Silvermont will be used in Bay Trail, Avoton, and Merrifield processors:
- Intel’s quad-core “Bay Trail” SoC is scheduled for Q4 2013 tablets, and variants of the “Bay Trail” platform will also be used in market segments including entry laptop and desktop computers.
- Intel’s “Merrifield” is scheduled to ship to customers by the end of this year, and actual smartphones will show up in 2014.
- Intel’s “Avoton” will be used in low power microservers, and provide full server product capability that customers require including 64-bit, integrated fabric, error code correction, Intel virtualization technologies and software compatibility.
Intel will provide support for Android, Linux, and Windows devices for their new Atom SoCs.
A 1h20 webcast is available online for further details about Silvermont. The technical overview starts at 21:50 (Slide 15), and I’ll give a summary of some of the most interesting points.
This new microarchitecture brings performance improvements thanks to:
- Out of Order Execution engine enabling better single-threaded performance.
- A new multicore and system fabric capable of delivering 8 cores.
- New IA instructions and core technologies
as well as better power efficiency:
- Wider dynamic power operating range
- Enhanced power management
- Fast standby entry/exit
The slide below clearly explains the different definitions between Architecture, Microarchitecture and SoC at Intel.
SoC based on Silvermont will support 1 to 8 cores, and multicore SoC will feature modules with:
- Two cores
- Coupled second-level cache (up to 1MB)
- Dedicated point-to-point interface (IDI) to SOC providing independent read and write channels, higher bandwidth, lower latency, and OOO transaction support
Frequency and power management can be adjusted per core.
New instructions are available to improve performance (Intel Core 2 64n ISA + Core Westmere SSE4.1, SSE4.2, POPCNT), and security (Westmere AES-NI, Intel Secure Key), and news technologies such as Real Time instruction tracing, Intel VT-x2, and support for McAfee DeepSAFE will be embedded in the new SoCs.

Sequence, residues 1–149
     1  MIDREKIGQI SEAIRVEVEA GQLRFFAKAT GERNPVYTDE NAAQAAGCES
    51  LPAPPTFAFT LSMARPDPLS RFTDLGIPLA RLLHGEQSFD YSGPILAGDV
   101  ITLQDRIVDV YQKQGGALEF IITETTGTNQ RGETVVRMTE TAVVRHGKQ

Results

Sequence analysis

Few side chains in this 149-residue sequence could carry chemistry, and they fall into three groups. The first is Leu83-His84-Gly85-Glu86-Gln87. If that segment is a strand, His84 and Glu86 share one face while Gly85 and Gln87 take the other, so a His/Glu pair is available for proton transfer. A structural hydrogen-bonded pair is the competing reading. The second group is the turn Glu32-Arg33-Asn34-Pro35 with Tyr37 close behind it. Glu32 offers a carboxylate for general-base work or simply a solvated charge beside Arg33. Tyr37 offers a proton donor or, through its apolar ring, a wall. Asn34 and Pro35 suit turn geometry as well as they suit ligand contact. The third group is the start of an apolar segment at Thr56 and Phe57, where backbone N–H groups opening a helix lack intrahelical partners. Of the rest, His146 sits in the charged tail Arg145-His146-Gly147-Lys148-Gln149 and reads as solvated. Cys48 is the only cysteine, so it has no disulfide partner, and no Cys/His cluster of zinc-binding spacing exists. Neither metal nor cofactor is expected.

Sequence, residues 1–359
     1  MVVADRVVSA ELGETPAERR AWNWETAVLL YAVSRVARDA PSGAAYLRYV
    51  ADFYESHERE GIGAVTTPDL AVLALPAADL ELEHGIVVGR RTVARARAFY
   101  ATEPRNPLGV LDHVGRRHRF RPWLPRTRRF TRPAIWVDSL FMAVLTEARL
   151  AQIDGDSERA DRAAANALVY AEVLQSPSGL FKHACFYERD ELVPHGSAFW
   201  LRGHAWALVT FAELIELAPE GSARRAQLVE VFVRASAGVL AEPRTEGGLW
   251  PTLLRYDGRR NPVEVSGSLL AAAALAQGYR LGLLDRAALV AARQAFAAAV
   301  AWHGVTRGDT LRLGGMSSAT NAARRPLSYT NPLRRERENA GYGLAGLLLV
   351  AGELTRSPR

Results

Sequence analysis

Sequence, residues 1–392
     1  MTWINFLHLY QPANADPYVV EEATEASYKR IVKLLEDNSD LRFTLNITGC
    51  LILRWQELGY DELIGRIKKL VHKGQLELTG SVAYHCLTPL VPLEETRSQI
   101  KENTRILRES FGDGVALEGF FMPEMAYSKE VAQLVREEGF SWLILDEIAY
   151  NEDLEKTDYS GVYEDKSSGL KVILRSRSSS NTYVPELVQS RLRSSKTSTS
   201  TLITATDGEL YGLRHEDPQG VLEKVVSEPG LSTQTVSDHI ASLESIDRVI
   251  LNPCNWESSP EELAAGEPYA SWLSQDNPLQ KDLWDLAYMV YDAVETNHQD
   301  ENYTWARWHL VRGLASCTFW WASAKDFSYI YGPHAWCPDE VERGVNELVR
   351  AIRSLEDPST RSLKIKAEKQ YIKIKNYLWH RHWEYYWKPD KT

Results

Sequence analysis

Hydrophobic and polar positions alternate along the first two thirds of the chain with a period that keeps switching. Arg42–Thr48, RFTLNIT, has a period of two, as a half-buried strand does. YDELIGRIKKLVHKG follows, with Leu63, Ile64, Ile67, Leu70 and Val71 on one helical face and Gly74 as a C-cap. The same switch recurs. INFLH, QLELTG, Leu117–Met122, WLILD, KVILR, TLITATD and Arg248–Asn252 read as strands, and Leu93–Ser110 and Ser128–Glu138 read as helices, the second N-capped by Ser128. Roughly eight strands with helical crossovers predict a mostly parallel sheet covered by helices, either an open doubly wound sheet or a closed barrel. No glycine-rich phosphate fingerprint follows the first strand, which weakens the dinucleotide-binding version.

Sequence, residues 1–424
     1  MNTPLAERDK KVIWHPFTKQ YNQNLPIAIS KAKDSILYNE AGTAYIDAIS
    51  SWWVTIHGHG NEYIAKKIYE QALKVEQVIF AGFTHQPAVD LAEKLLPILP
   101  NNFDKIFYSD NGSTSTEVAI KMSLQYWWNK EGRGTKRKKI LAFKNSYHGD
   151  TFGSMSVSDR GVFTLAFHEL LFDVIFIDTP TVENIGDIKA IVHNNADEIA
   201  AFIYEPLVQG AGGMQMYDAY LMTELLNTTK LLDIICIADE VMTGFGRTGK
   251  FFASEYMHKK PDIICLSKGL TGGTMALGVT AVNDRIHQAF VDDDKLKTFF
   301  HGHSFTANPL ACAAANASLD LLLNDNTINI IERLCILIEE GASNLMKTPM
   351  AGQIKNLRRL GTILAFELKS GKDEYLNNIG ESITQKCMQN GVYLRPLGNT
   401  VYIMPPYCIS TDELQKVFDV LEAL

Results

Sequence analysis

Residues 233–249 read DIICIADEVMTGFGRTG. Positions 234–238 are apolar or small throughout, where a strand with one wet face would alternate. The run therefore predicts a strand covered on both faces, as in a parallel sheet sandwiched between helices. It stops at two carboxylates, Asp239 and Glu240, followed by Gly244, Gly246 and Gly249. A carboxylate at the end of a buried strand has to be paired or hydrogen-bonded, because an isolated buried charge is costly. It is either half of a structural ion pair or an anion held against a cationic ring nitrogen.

One of the most interesting part of the presentation is the comparison to competitors.
It’s probably safe to use the “Small” competitor is ARM, and the “Large” competitor is AMD. We already knew that AMD is not the best when it comes to power consumption, but what’s interesting is that Intel seems to vastly outperform current ARM big.LITTLE SoCs and Tegra 3 (4+1 companion core) when it comes to its power/performance ratio of its future SoCs. This chart is obviously biased since it’s there to show how good Intel microarchitecture is, but that still probably means Intel will be a serious competitors in the tablet and smartphone space, as long as they can also compete on price/performance and price/power ratios.
They also show very good performance and power improvement over the Saltwell microarchitecture both for single-thrreaded and multi-threaded use cases.
Peak to peak used the maximum frequency available, iso-power shows the performance improvement over the same power level, and iso-perf shows the difference in power consumption for a given performance metrics. STW stands for Saltwll, SLM for Silvermont. 1C1T = 1 Core 1 Thread, 2C4T = 2 Cores, 4 Threads, etc…
Going back to Intel vs ARM, they show how the Intel Dual Core Silvermont SoC outperforms ARM Quad core SoCs both in terms of performance and power consumption.
and a tablet comparison with expected results from Silvermont SoCs.
The benchmark used is SPECint*rate_base200, but the ARM tablets used are not described, and we just know they are similar configurations (e.g. number of cores, RAM, etc..), as the Silvermont solution.